Dateline: Seattle, Washington
And it’s back to the Pacific Northwest for Thanksgiving and some family time before returning back to Birmingham for holiday madness. The journey here today was uneventful. The Thanksgiving crowds haven’t quite started to inundate the nation’s highways, byways, and airports and even the dreaded halls of Hartsfield International weren’t too horrible. Staying with my father at his senior living facility where I will sing for my supper tomorrow by giving a talk to the residents on various aspects of aging. It’s become a bit of a routine and I’ve found the easiest thing to do is to ask for some questions in advance, and then riff for ninety minutes or so until everyone’s sick of everything I have to say.
The last couple of weeks of Birmingham life have been relatively quiet. Been rehearsing my role in JM Barrie’s Dear Brutus which opens on the 12th. Barrie is rather wordy and rather specific in his Edwardian idioms making it a challenge to learn the lines. I have Acts I and III down but Act II, in which I have sixteen pages of dialogue with a twelve year old girl, is not sticking yet. It’s about half way there. One of my young cousins is a theater kid and I’m looking into pressing him into service to run lines some this week while I’m up here as I have to be off book by next Monday.
I’m busy making lists for some winter projects to accomplish over the next few months when I’m not in rehearsal, mainly about organizing my life and my stuff in preparation for downsizing in the next year or so. I’m tired of home repair and dealing with yard so condo it shall eventually be. I’ll be looking to rehome certain things that have useful life as I’m trying to simplify so don’t be surprised if I turn up at your place with an offer to donate something you never knew you needed.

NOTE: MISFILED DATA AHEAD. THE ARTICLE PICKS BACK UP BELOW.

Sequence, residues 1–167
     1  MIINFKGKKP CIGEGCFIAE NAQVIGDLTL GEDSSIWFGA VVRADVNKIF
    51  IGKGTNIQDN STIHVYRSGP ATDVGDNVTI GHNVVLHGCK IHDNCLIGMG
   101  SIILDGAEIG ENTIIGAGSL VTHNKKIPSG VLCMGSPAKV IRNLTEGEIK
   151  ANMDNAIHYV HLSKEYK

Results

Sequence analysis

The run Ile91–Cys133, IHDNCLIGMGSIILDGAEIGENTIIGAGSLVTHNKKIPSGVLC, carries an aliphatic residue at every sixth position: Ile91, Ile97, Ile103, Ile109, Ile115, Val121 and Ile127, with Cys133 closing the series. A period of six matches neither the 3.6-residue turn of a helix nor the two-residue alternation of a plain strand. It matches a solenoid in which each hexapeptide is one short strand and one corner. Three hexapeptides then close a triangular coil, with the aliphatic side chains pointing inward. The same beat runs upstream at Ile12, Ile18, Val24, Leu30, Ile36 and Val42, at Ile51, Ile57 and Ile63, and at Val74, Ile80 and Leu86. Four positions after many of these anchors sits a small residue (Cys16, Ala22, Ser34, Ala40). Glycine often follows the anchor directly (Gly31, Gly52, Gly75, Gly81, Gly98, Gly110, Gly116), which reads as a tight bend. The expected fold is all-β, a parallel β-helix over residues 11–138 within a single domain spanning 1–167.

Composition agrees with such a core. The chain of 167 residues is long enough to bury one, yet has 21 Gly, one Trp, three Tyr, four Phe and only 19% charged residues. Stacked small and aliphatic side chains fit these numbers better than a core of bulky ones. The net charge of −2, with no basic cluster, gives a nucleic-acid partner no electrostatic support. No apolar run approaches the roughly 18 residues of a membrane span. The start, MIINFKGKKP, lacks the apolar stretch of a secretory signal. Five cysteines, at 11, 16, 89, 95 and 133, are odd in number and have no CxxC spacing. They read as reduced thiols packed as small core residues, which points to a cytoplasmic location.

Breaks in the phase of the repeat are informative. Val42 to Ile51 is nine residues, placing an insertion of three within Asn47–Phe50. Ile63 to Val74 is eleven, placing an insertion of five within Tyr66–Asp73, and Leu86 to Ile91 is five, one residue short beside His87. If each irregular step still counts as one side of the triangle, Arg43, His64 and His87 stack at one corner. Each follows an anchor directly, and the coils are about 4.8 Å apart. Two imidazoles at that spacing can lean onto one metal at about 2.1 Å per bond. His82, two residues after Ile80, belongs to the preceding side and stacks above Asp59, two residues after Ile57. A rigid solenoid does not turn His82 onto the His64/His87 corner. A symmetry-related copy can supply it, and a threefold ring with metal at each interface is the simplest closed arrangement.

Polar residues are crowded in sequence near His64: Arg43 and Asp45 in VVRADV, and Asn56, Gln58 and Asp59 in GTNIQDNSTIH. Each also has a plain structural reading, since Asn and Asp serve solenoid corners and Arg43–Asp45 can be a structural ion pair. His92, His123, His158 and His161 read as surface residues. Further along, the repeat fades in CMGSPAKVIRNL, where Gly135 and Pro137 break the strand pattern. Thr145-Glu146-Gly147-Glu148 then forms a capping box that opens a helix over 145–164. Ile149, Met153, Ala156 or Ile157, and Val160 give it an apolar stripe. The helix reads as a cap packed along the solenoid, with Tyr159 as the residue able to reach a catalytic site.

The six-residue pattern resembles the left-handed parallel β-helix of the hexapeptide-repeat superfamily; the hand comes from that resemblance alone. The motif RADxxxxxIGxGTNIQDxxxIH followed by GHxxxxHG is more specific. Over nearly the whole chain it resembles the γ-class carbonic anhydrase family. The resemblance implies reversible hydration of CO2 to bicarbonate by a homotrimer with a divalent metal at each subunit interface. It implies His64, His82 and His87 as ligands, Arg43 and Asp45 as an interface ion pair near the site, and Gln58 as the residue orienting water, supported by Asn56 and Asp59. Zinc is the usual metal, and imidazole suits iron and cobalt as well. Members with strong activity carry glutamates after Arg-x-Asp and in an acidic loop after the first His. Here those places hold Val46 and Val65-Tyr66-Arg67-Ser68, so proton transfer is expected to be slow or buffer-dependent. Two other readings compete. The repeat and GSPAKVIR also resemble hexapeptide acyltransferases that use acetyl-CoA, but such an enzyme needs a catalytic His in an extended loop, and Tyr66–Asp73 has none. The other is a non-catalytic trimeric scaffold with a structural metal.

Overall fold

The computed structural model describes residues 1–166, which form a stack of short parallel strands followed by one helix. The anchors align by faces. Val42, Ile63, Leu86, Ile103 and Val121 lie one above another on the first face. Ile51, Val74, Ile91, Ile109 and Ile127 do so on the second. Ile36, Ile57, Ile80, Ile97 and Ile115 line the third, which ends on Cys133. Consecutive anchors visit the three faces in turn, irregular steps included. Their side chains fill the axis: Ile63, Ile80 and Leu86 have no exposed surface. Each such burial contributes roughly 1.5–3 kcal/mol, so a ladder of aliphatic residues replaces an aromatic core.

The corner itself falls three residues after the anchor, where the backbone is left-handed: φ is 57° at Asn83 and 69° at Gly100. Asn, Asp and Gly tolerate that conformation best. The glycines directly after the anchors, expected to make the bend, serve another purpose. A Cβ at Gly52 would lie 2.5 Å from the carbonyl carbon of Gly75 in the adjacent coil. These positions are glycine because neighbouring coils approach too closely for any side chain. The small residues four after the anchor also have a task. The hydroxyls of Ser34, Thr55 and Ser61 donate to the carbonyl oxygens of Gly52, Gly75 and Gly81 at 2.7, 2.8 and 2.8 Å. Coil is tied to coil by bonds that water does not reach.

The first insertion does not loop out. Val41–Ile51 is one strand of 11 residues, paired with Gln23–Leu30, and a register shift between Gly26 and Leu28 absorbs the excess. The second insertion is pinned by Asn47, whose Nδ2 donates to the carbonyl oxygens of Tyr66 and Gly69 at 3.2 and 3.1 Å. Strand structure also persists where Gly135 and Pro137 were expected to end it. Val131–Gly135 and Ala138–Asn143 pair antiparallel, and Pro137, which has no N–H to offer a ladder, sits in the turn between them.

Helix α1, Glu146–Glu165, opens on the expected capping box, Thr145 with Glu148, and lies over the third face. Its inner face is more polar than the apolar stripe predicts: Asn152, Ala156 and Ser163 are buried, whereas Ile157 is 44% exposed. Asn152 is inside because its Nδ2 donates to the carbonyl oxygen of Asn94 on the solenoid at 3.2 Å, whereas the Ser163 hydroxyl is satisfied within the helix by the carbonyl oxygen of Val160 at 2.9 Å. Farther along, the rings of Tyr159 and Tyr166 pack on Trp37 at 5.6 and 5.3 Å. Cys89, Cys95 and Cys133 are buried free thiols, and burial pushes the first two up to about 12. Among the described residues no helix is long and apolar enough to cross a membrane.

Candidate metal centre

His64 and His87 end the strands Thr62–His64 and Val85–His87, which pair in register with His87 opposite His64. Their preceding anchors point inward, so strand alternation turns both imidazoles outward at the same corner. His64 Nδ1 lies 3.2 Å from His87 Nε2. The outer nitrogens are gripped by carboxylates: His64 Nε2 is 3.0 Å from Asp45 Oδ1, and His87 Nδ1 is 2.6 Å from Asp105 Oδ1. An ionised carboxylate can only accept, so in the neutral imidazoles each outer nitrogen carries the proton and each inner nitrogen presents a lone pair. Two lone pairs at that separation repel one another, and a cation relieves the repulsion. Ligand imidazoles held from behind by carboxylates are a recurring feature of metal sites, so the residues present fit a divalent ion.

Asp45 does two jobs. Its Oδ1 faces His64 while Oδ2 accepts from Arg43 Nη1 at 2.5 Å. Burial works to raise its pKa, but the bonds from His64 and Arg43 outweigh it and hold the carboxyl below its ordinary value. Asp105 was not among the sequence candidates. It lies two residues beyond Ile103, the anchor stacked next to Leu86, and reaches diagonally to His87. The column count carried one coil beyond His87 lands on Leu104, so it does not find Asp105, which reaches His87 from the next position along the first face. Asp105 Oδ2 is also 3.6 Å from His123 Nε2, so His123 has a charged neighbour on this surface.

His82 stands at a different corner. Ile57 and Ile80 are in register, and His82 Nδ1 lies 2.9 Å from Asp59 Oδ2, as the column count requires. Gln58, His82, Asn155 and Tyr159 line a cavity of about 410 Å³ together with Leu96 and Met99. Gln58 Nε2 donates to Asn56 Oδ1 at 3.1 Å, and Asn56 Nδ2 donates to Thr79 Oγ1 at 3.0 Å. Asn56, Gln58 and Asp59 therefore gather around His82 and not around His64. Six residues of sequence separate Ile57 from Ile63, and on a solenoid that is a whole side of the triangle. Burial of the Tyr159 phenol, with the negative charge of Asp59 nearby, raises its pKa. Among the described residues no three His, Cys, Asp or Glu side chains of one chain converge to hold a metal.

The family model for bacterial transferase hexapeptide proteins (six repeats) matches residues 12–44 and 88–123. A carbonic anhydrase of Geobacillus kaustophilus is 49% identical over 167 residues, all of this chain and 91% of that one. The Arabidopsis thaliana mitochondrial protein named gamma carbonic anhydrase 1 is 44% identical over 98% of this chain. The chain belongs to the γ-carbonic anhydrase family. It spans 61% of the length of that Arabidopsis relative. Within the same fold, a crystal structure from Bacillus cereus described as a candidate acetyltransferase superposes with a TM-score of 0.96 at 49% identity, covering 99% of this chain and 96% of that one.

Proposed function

Mainly catching up on family news and gossip tonight before retiring early. Flying cross country always makes me tired, even though I’m really just sitting there for hours. I’ve taken to spending the extra money for Delta Comfort + seats so I don’t develope leg cramps somewhere over South Dakota. Talking over old family times with my father always makes me recognize that I did relatively well with the luck of the draw regarding parents. The two chief rules of aging: Choose your parents carefully and trust to sheer dumb luck… The beached cruise ship of a senior living facility he lives in is a couple of blocks south of Northgate mall in North Seattle. Northgate was one of the original malls built in the 50s and has been a fixture for decades. It’s dying as brick and mortar in general dies and has lost most of its anchor tenants in the last couple of years. The lands too valuable in the Seattle of today for it to sit empty and it will become repurposed into something else eventually.
I think the first time I truly remember being at Northgate was when I was about six and my parents took me out to the toy store there and bought me my first two wheeler bicycle for me for my birthday. I rode that bike out of the store and down the mall, complete with training wheels and felt like the king of all I could survey. The training wheels came off a few weeks later and I did a lot of falling over in the back alley until I got the hang of it. Once I did get it, I was zooming all over the neighborhood with the other kids my age. I definitely came from a gang of free range children who ran around the neighborhood in our own tribal society. Fortunately, there were always enough watchful adult eyes to prevent anything devolving into full Lord of the Flies. The bicycle survived for years. It was passed down to my younger siblings eventually. I think my brother eventually scrapped it, in his eventually successful quest to become a racing cyclist. (He was, for a while, one of the top ranked bicycle racers on the west coast).